It has been one of the most controversial issues to hit the internet since it was invented by Al Gore and Bill Gates in 1976. The outrage has been strong and swift. Houses are divided, lines are drawn and sides have been chosen. And before you can mutter the words, “Thanks, Obama,” just hold your horses a minute. No, this has nothing to do with Colin Kaepernick or Mr. Trump or Sec. Clinton or the President — but it has everything to do with pride and taste.
This is gumbo country, y’all. And somebody done went and insulted our gumbology.
Walt Disney posted a video on its Facebook page for its film “The Princess and The Frog” that contained a recipe for “Tiana’s healthy gumbo.”
Say what?! Healthy gumbo? Get the pirogue fired up, Brother John, and gather up the spy boys because we’ve got to stop this monster known as healthy gumbo.
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Where’s the roux?
The first notable difference between Tiana’s recipe and your Mawmaw’s of Big Momma’s is the fact that it doesn’t start with a roux. Anyone, and I do mean anyone, will tell you a good gumbo starts with a roux.
Everyone has a different secret when it comes to roux. I’m a fan of starting with pork fat or bacon grease and making it in a cast iron skillet in the oven until it gets that dark brown hue that makes a perfect gumbo.
Tiana’s recipe starts with peppers, onions and diced tomatoes. Where’s the celery, Tiana?
Then the Disney video calls for okra — you saute the peppers, onions, tomatoes and okra. Anyone’s Mamere will tell you that the okra goes in at the end because it’s a thickening agent.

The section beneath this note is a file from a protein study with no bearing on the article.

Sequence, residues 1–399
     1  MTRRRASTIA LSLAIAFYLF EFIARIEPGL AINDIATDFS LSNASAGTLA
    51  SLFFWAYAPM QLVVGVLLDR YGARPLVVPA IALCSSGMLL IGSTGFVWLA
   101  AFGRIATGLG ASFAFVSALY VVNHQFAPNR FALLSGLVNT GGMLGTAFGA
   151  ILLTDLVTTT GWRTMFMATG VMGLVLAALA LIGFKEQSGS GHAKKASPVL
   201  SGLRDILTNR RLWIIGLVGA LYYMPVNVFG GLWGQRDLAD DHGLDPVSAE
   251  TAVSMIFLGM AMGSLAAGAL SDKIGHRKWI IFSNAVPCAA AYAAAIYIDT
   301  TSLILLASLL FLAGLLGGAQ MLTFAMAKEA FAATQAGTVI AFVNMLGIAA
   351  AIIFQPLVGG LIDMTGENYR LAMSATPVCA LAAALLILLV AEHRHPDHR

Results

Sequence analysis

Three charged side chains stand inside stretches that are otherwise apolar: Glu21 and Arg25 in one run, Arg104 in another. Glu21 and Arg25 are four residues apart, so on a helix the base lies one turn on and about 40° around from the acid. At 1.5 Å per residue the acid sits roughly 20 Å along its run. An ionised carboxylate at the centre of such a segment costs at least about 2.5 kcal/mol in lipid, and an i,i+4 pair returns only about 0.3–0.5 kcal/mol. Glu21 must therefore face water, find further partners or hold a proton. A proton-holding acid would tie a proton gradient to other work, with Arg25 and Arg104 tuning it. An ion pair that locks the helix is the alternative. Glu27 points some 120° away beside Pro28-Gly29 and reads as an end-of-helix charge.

How dare this cartoon child known as Tiana add her okra at the beginning of the recipe?
After adding some low sodium chicken stock and some seasonings, Tiana’s recipe call for whole wheat flour. There’s no reason to even discuss how messed up this is.
The real tragedy comes at the end of the recipe when it calls for kale and it is served with quinoa instead of white rice. This was just too much.
It immediately caused this reaction:
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By the way, “The Princess and the Frog” was one of the first Disney animated films to feature an African American heroine and cast. It was set in New Orleans, where there are a billion different ways to make gumbo. A young Tiana can be seen making a gumbo for her father early in the film. She is a self-reliant child.
The Facebook page for the film was more than likely for children, although there are surely some adult fans of the film.
Approximately 14 percent of the population of the state of Louisiana has diabetes and more than 15 percent of the people in Mississippi have diabetes. How dare someone suggest cutting out some 10 million grams of fat in gumbo and replacing it with healthy fats like olive oil?
And the health values of both kale and quinoa have them both labeled as a “superfood,” meaning they contain things that work to heal your body instead of causing it further damage.
Oh yeah, in case we forget, the recipe was also designed so that it could be prepared by children.
In the end, Disney received so much grief for the video that they removed it from the page.
Yay. Social media wins again. What’s that? You have to go because it’s time to give Mamere her insulin? Run along honeychile, leave the kale behind. I’ll use it in my maque choux.